The Healthy Heart Handbook for Women
You Can Stop Smoking
The good news is that quitting smoking immediately reduces your risk of heart disease, cancer, and other serious disorders, with the benefits increasing over time. Just 1 year after you stop smoking, your heart disease risk will drop by more than half. Within several years, it will approach the heart disease risk of someone who has never smoked. No matter how long you have been smoking, or how much, quitting will lessen your chances of developing heart disease.
If you already have heart disease, giving up cigarettes will lower your risk of a heart attack. Quitting also reduces the risk of a second heart attack in women who have already had one. There is nothing easy about giving up cigarettes. But with support and a plan of action, you can do it.
Getting Ready To Quit
- Get motivated. Take some time to think about all the benefits of being smoke free. Besides the health benefits of quitting, what else do you have to gain? Loved ones no longer exposed to secondhand smoke? A better appearance? No more standing outside in the cold or rain for a smoke? More money to spend on things besides cigarettes? Write down all of the reasons you want to stop smoking.
- Choose a quit date. Give yourself enough time to prepare to stop smoking—but not too much! It's best to choose a date about 2 weeks away.
- Consider a "quit-smoking" aid. Ask your doctor about using a medication that can help you stay off cigarettes. These aids include a patch, gum, inhaler, nasal spray, and lozenges. Some of these medicines are available over the counter. Others require a prescription. All contain very small amounts of nicotine, which can help to lessen the urge to smoke. Two other prescription quitting aids are bupropion sustained release (Zyban™), a medicine that contains no nicotine but reduces the craving for cigarettes, and varenicline tartrate (Chantix™), which both eases withdrawal symptoms and blocks the effects of nicotine if you slip and begin smoking again. If you decide to use one of these medicines, be sure to talk with your doctor about how to use it properly.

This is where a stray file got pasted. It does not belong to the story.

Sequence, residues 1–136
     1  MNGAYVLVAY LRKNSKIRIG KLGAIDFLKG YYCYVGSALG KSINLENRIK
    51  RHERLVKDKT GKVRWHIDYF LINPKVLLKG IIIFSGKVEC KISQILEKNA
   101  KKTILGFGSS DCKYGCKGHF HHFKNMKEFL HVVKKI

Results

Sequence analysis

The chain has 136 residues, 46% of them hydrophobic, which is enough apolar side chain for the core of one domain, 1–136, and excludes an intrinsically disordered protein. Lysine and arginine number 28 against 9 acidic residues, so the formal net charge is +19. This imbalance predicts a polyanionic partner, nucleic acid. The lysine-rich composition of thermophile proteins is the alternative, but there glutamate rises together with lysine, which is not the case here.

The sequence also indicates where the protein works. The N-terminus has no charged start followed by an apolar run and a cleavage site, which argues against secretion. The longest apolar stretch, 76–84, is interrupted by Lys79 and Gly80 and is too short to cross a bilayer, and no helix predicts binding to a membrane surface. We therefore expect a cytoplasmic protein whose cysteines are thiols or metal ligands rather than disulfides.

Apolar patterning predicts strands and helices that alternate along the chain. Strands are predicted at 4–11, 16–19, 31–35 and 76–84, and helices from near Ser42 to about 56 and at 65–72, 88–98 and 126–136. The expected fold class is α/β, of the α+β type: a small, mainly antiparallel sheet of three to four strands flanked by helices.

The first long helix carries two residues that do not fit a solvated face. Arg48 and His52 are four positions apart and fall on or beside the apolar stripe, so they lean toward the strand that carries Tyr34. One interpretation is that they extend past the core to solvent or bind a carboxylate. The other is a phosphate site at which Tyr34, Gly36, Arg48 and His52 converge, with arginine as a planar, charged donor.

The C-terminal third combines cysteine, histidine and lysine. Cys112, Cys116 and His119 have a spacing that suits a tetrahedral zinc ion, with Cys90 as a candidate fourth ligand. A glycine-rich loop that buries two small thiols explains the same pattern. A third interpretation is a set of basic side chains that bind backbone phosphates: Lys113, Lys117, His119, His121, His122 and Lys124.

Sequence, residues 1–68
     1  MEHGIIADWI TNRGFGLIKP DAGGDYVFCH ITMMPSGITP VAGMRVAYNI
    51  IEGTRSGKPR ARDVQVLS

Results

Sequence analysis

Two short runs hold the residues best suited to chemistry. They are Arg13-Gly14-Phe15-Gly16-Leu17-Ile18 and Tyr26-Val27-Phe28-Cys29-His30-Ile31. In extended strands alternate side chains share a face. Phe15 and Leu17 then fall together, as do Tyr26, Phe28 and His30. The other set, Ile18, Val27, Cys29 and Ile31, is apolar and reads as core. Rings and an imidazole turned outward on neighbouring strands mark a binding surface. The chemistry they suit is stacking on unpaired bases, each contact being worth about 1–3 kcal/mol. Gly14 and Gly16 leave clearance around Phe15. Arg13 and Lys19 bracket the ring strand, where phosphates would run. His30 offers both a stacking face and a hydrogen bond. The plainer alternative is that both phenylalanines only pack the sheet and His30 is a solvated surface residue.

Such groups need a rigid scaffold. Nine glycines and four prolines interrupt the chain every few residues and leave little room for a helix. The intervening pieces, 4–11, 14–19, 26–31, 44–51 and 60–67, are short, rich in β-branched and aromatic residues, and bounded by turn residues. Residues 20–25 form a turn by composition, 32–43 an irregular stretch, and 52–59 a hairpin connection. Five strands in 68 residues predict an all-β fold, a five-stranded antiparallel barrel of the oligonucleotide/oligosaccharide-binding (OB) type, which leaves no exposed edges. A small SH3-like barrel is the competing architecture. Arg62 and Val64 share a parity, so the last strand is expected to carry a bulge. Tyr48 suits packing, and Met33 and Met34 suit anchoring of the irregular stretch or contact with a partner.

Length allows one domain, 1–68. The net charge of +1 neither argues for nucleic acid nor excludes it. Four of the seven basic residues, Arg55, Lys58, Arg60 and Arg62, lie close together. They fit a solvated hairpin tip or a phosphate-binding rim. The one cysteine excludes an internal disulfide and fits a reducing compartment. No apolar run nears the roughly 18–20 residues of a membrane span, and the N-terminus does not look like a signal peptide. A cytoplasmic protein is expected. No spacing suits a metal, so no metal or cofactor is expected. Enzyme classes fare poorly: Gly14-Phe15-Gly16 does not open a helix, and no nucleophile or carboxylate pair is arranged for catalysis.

- Line up support. Many women find that quitting smoking is easier with the support of others. Tell your family, friends, and coworkers that you plan to quit and let them know how they can help you. For example, if someone close to you smokes, ask him or her not to smoke around you. (It is easier to quit when people around you aren't smoking.) You might also find a support group or Internet chat room helpful. Plan to get in touch with your "support team" regularly to share your progress and to get encouragement. If possible, quit with a friend or family member.
- Make a fresh start. The day before you quit, get rid of all cigarettes in your home, your car, or at work. (Keeping a few cigarettes "just in case I need them" will lower your chances of success.) Throw away ashtrays, matches, and lighters. Many women like to quit with a clean, fresh home or car that is free of cigarette odor. You may want to clean the drapes or shampoo the carpet of your home or car. After quitting, you'll enjoy the new scents as your sense of smell returns.
Breaking the Habit
- Know what to expect. The first few weeks can be tough. Most people experience strong urges to smoke as well as withdrawal symptoms, such as headaches, difficulty sleeping, trouble concentrating, and feeling cranky or nervous. While these reactions are not pleasant, it's important to know that they are signs that your body is recovering from smoking. Within a few weeks, most people already feel much better.
- Know yourself. To quit successfully, you need to know your personal smoking "triggers." These are the situations and feelings that usually bring on the urge to light up. Some common triggers are drinking coffee, having an alcoholic drink, talking on the phone, watching someone else smoke, and experiencing stressor depression. Make a list of your own personal triggers and avoid as many of them as you can. For those you can't avoid, plan now for how you will deal with them.